Compile Time vs Run Time Polymorphism

Polymorphism is one thing in many forms or the capacity to take on different forms.  When it applied to object-oriented programming languages like Java, it describes the ability of language to process objects of various types and classes through a single, uniform interface.

Polymorphism in Java is two types-

  1. Compile Time or Static Polymorphism

  2. Run Time of Dynamic Polymorphism


Compile Time or Static Polymorphism

Method overloading is a Compile time Polymorphism. It is also called static binding in Java. In this type, the method call is resolved by the the compiler (which method to be called). Static polymorphism can be achieved by overloading functions and overloading operators. The execution speed of compile time polymorphism is fast but it is less flexible because all things executed at compile time.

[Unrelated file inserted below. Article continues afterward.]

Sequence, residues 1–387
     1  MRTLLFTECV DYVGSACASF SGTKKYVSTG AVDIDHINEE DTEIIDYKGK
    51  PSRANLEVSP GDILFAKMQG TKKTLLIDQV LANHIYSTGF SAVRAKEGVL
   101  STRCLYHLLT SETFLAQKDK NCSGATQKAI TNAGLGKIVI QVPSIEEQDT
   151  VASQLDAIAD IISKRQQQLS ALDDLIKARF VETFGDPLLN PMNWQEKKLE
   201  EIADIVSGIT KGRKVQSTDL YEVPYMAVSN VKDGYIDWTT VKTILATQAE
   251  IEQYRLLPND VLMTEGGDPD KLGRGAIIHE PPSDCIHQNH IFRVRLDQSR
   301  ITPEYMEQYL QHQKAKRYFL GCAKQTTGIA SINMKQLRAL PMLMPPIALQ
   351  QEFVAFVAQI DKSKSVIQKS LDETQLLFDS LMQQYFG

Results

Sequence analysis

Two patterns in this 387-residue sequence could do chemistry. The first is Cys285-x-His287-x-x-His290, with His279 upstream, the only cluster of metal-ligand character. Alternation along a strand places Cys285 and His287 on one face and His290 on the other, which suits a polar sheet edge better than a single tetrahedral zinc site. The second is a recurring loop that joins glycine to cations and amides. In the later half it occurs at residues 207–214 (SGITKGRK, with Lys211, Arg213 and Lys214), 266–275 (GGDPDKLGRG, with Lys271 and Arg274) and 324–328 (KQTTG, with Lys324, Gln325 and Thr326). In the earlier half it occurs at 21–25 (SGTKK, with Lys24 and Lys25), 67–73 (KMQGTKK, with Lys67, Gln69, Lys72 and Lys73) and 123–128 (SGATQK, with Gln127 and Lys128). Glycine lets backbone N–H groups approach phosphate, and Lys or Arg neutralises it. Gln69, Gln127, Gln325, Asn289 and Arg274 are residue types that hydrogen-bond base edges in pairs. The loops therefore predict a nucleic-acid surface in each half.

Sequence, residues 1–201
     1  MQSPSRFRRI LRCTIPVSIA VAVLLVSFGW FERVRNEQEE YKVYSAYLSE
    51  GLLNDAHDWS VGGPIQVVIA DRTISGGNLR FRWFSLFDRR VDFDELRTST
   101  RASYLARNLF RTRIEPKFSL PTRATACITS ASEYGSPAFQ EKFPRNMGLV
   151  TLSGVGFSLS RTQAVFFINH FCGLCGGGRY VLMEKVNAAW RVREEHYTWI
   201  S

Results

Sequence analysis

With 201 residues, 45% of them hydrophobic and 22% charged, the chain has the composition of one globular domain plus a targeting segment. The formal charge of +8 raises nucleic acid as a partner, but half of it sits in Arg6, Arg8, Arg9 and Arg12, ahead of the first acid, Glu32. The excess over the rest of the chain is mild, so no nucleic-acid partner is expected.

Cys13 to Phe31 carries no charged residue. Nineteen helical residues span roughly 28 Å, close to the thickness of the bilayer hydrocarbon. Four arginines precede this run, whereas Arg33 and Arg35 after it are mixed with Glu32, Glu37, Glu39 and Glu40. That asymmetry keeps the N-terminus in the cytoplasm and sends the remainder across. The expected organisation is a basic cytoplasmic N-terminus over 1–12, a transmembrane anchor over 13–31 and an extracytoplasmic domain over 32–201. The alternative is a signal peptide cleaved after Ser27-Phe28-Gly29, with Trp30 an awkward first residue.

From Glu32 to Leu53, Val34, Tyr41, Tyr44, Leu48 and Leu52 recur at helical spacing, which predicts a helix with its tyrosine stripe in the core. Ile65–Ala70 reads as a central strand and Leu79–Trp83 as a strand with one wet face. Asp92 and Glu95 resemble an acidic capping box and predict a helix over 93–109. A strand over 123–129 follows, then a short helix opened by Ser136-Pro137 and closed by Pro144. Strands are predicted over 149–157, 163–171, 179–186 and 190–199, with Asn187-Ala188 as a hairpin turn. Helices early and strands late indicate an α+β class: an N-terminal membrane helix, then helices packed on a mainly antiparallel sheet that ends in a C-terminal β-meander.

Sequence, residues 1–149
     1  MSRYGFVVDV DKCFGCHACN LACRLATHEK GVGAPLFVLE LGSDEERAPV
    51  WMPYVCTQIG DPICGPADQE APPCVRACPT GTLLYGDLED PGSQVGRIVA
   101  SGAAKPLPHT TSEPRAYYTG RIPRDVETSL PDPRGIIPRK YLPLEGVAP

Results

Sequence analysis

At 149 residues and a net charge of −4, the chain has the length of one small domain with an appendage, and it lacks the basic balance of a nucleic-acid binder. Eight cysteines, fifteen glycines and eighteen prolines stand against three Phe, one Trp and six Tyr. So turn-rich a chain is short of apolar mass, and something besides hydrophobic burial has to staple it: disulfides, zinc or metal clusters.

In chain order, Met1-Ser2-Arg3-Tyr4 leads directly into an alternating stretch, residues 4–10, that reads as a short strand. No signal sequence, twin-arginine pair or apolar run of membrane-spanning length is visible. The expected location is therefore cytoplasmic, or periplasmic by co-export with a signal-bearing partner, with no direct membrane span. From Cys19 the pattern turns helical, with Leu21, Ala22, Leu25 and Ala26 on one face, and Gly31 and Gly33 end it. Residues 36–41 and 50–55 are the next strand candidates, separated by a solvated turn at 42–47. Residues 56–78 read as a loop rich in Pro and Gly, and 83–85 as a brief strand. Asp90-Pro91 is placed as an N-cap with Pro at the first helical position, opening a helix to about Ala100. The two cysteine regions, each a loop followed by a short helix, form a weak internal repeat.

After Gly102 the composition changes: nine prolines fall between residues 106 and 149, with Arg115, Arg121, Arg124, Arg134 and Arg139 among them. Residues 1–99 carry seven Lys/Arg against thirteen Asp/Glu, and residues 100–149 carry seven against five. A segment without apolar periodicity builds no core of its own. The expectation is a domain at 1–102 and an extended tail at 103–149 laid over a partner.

Let’s see the example of compile time polymorphism, here in below method, the methods call is resolved at compile time.




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Runtime or Dynamic Polymorphism

Method overriding is run time polymorphism. In run time, polymorphism call to the method is not resolved by the compiler. It’s also called dynamic method dispatch. As compare to compile time polymorphism it’s slow in execution but it is more flexible and things execute at run time.

Suppose we have the method with the same name in a parent class and in a child class, in that case, compiler doesn’t figure out which method to be call at compile time. So JVM decides the call to the method at runtime that’s why it is called Runtime polymorphism.

Output :

display() method of Child class
stub() method of Child class
Dummy() method of super class


In such case, JVM decides which display() method will be called at run time. Call to display() method can’t be resolved at runtime.


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